Since some seniors may have difficulty moving quickly and suffer more when injuries and smoke inhalation occur, it is essential to prevent fires from happening at all. What I am trying to say here is as we get older we don't move as quickly as we once did. That is why I strongly encourage extended fire prevention plans for our senior citizens. Here are some suggestions:
During the month of March I will be visiting Speers Court Apartments to have an information table with handouts and just to chat about fire safety. If you think your facility, apartment complex, church group etc.. would benefit from a visit, please contact Fireman Joe at Stambushj@hotmail.com or call the firehouse 261-0083 to arrange this informational program. Until next month, enjoy the weather, but always practice good Fire Safety habits.
I hope everyone had a wonderful Christmas Holiday and old Santa was good to everyone. Fireman Joe enjoyed time with family and friends and was proud to attend worship and asked our GOD to remember my Bellevue and Dayton Friends. It’s hard to believe 2017 is upon us and with that I want to wish you a Happy New Year. My continued wish for everyone in 2017 is that everyone will be safe, content and always practice the safety messages I send each month. So grateful to my friends Mike and Mike who allow me this privilege each month.
How about that great weather over Christmas? The day after Christmas I was sitting outside in my tee shirt, but as I write this article today, it’s back to winter. You know what they say, if you don't like the weather around here hang on and it will change. I do however, know cold days are coming and with that I hope everyone is prepared by doing the following:
Remember you will be spending a lot of time indoors, so it is a good idea to review you home escape plans, recheck your smoke and CO alarms to see that they have fresh batteries or are they working properly.
WOW! I know this is a lot to remember, but it is so important. We are always ready to respond, but it would please me to keep our guys and gals in the firehouse without a response. One last suggestion….Keep your sidewalks and walkways clear of ice, because you sure don't want anyone to fall. I’m looking forward to 2017, so stay well and safe, spend time with family, spread lots of hugs and love around. Until next time, GOD BLESS!
Be it Christmas, Hanukkah, or Happy New Year, I hope your holidays are hazard - free and full of good cheer! Just a note from your favorite Fireman; remember these important tips this Holiday Season:
Also check on your neighbors and be of good cheer, because they may not be able to get out. Offer a ride or run an errand, as you could do a great deed to make their holiday warm and special. The women and men of your Fire Department Bellevue-Dayton would like to wish all of our friends a very Merry Christmas and a Happy New Year.
What an exciting Month October was! I was very happy to have spent time with all my friends and I really hope you all learned a lot about Fire and Life Safety. I also hope everyone survived Halloween, which is always fun, but frankly I’m glad when it is over.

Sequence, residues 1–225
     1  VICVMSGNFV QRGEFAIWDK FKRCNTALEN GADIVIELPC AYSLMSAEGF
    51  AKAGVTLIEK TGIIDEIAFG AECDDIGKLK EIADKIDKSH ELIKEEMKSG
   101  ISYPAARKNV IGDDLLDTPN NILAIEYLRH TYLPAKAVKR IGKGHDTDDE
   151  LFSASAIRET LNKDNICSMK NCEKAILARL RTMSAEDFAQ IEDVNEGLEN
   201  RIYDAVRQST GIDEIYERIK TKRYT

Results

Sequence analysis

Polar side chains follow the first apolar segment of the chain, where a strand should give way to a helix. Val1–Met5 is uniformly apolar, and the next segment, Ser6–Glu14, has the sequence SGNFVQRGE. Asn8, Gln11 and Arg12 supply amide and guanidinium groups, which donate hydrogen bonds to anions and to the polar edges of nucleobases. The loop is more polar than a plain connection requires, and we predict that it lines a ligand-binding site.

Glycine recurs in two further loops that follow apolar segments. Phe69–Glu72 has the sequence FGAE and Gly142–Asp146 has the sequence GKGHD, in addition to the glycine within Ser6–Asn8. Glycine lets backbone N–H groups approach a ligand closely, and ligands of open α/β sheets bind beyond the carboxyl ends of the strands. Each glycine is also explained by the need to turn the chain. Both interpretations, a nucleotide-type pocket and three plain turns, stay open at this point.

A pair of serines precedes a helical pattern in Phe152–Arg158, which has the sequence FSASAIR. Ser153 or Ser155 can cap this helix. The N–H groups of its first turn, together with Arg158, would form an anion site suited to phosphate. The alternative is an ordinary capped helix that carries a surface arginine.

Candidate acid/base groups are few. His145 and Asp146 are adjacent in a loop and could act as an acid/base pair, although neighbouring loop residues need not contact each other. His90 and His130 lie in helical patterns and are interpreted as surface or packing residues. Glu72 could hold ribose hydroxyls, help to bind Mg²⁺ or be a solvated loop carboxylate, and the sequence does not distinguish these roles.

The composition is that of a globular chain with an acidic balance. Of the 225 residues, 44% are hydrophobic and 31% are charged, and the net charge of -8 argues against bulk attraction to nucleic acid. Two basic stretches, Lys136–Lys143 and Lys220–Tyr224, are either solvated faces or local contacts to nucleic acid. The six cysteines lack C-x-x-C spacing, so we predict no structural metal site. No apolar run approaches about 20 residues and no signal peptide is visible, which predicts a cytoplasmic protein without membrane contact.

If I am figuring correctly the next issue of The Dayton Community News should be out before Time Change Weekend. At 2 a.m. on November 6th we return to Eastern Standard Time. Always remember, Spring Forward and Fall Backwards. The time change is aways the best time to change the batteries or check your Smoke Alarms.
It won't be long before old man winter is upon us. This means it’s time to check your home heating equipment and your chimney. When you fire up your furnace for the first time, don't forget how long it has been since your last use (which might have been back in March) so it may smell of something burning. Be cautious with fireplaces or space heaters as well, as they need to be at least 18 inches away from curtains, bedding or anything else that may be flammable.
I wanted to mention briefly about Car Fire Safety. Our automobiles can catch fire for many reasons. Mechanical or electrical issues are the most common cause. A car can also catch fire as the result of a bad crash. If you see smoke or flames or smell burning rubber or plastic, respond immediately. Pull over quickly but safely, be sure to use your signal to a safe location off the road like a breakdown lane or a rest stop. Once you have stopped, TURN OFF the engine, get everyone out of the car. Never return to a burning car for anything, move everyone at least 100 feet from the burning car and well away from traffic. Most importantly, be sure to Call 9-1-1.
Lastly, on Thursday November 24th we will celebrate Thanksgiving. As you gather with your family or attend a family gathering, remember to give thanks for your many gifts. Enjoy the family, food and fun, but don't forget to continue to practice cooking safety and make your holiday a safe time. ENJOY!
I want to thank the City of Dayton for allowing us to be a part of the Dayton Senior Picnic, which was held September 14th at the VFW Hall. We had a great time and it was good to see our many friends. October is Fire Prevention Month and this year's theme is " DON'T WAIT- CHECK THE DATE! You are encouraged to replace Smoke Alarms every 10 years. Check the manufacturer's date on the back of your smoke alarm.
At one time we were able to provide smoke alarms at no cost to our communities, however, our source no longer provides these alarms. Smoke alarms are generally inexpensive (in the $6 - $10 range), and are well worth the expense in alerting you and your family in case of a fire emergency. Here are some more tips about smoke alarms:
During the month Fireman Joe will be providing tours of the firehouse and safety classes at the firehouse and or in the schools, churches and community centers. To arrange a program, station tour or lesson, contact Fireman Joe at Stambushj@hotmail.com . I maintain office hours on Wednesday from 7a to 4p and always glad to provide fire and life safety information upon request.
I also want to thank all who supported our fundraiser on September 22nd at Darkness Brewing as we had the honor of serving as Guest Bartenders. We had a blast. The support we receive from our community is very much appreciated; after all we are here for YOU.
Until next time,
About Fireman Joe
Lieutenant Joe Stambush is a 48 year veteran in the industry of Fire/EMS, while serving with the Campbell County, Erlanger, Point Pleasant and Bromley Fire Departments.